Chronicles of a writer abroad

On how Canadians can be backward, too


I realize that in many of my entries I’m hard on the Swiss, making them out to be pretty provincial. In this post, therefore, I’d like to flip the script, and tell you about how I, as a Canadian, sometimes am left feeling uncouth in Swiss society. There are a number of ways that this happens, actually, but one stands out for me.

It’s pretty simple: I’m accustomed to not acknowledging the presence of other human beings.

Generally, in the world that I grew up in, unless someone is your friend/family member/acquaintance, or unless you need to have some kind of transaction with them, it’s acceptable not to greet each other. This means that if you find yourself riding an elevator with strangers, for example, or sitting in a waiting room with them, you don’t have to say anything to them.

Here it is different. For example, last week I went to the doctor’s office (relating to my anemia issues, which I’m still “ironing out” — ha, ha) and, after checking in at the front desk, I went to the waiting area, where everyone looked up at me. I took a seat, thinking, why are you all staring at me? In the course of my 1o-minute wait, other people arrived, and none of them failed to offer a “Grüezi, mitenand” (how the Swiss greet more than one person) to the group, which made me realize my faux pas. As we continued to sit, a nurse came to ask one man if he’d eaten anything yet that day. “I had a coffee with sugar,” the man said. “Oh, this is no good,” replied the nurse. “The doctor wants to take your blood on an empty stomach. We’ll have to reschedule for tomorrow morning.” The man was understandably annoyed, and went on a mini-rant about how he wouldn’t have wasted his time if someone had communicated this to him in advance. Then, even in his worked-up state, he turned to those assembled and offered a polite “Ade, mitenand” (how the Swiss say goodbye to more than one person).

I was impressed.

Of course, the Swiss don’t feel compelled to offer a greeting to everyone when they ride buses or enter supermarkets, or in other situations where it would be impractical. But they do it when they’re in close quarters with other human beings. And doesn’t that just make sense?


5 thoughts on “On how Canadians can be backward, too

  1. I’ve encountered the same thing in waiting rooms, and I still never remember to do it.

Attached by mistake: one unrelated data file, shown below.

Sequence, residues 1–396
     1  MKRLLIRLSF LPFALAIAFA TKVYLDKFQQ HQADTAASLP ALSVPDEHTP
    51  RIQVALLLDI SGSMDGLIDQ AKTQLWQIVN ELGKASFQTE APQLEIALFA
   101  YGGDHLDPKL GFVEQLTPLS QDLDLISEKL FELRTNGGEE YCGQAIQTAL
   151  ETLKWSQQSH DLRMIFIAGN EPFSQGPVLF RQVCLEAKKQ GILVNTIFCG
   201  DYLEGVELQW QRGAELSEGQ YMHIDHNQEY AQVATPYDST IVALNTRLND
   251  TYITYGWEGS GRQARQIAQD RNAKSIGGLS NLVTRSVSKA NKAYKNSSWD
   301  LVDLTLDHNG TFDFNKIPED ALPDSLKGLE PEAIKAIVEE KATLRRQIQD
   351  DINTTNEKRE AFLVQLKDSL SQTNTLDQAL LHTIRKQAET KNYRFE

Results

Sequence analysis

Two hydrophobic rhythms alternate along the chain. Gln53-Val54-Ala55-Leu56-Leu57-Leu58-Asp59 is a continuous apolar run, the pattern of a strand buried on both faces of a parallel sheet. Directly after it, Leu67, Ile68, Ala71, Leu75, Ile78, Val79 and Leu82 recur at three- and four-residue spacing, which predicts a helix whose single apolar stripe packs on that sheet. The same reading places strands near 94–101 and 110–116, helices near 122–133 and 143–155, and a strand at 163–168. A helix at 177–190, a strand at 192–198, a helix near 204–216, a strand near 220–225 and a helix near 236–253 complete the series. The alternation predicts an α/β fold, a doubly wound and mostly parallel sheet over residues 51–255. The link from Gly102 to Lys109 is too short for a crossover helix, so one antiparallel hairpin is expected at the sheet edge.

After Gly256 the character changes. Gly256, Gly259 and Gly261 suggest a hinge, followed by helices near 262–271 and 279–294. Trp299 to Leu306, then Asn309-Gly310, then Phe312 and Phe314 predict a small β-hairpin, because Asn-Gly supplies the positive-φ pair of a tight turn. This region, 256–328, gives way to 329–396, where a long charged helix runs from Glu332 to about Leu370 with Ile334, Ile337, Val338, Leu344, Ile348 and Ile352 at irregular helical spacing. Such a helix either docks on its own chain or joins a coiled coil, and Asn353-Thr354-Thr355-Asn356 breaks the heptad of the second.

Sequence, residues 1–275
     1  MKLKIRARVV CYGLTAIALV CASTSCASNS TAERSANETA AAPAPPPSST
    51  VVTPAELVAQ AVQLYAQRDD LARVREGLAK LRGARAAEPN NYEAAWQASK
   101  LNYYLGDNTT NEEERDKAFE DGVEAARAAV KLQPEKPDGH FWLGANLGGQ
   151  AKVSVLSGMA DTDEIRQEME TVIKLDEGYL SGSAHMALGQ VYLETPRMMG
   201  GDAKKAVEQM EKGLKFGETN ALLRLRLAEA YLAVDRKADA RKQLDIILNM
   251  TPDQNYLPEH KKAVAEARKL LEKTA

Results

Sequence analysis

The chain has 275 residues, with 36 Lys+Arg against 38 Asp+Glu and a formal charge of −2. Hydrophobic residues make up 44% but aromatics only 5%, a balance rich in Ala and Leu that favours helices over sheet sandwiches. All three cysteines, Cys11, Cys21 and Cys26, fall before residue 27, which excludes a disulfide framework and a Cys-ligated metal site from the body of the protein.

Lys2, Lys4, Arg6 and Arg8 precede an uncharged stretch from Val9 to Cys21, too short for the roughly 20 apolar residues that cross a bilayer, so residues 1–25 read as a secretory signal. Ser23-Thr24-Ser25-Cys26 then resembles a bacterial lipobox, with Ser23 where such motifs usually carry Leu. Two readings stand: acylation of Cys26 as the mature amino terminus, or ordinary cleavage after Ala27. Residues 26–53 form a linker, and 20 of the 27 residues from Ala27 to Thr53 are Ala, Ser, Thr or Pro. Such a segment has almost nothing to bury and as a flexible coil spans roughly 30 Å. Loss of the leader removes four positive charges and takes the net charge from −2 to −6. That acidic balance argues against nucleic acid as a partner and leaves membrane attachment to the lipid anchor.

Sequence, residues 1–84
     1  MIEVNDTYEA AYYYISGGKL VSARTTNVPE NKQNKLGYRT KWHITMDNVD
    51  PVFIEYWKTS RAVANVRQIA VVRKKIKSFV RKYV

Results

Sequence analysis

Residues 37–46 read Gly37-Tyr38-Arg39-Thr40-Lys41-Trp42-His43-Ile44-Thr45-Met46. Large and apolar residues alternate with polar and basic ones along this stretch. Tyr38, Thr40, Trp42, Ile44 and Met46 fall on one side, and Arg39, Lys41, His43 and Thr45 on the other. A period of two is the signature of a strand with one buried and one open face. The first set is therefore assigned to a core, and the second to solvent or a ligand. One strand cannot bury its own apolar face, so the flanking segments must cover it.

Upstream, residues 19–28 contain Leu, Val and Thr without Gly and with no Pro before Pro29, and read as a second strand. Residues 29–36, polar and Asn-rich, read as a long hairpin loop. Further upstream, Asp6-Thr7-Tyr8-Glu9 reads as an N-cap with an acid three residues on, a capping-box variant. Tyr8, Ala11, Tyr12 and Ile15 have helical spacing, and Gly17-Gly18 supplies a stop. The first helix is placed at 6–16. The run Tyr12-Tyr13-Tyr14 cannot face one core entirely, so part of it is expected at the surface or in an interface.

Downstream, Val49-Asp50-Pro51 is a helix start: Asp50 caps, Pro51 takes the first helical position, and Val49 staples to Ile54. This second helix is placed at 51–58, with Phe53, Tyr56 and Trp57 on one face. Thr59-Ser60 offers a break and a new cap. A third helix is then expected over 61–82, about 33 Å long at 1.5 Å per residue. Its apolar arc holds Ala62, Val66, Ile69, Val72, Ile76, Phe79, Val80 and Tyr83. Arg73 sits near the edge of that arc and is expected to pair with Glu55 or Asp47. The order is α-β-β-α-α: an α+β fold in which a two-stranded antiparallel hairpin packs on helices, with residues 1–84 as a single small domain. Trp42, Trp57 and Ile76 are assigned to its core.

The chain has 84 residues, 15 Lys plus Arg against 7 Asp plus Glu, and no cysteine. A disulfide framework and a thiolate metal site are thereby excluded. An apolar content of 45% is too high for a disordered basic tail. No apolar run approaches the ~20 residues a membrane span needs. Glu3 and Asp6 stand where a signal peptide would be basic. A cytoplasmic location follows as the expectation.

2. See, now, that would just make me uncomfortable. I’m not a people hater or anything, but neither am I keen to make contact with all my fellow humans. I like my space, and left to my own devices would rather keep my silence. Shy or something like. On the other hand, I can’t count the number of times when I’ve been with Boppy and he’ll make direct eye contact with a stranger, even if the stranger doesn’t initiate, and more often than not, strike up a pleasant conversation. You know… on the subway, or at the ferry terminal…the young woman with a deeply plunging neckline, or the foreigner who is muttering to himself, or the businessman who is brusque and rushed… Boppy will track them with his eagle eye, and engage them. Me, I’m just looking for a book to read!

    Ade, mitenand.

  3. Well, here is my theory: if you live in a small town/city, it is much more likely that you will greet people you meet on the street, even if it is just a smile to acknowledge their presence. Certainly, it is not unusual to strike up a conversation in the doctor’s waiting room in Sidney, so Kristen, maybe you will have to pretend to live in a village where everyone knows everyone else 🙂 and Paul, you may come by your reticence honestly (from your Mother) but even I have been known to say “good morning” to passersby on the street!

  4. Boppy in defence….even though the main target might be the young lass with the DPN I am civil enough to mask it by casting a wandering eye on the rest of the population. Fair is fair!!

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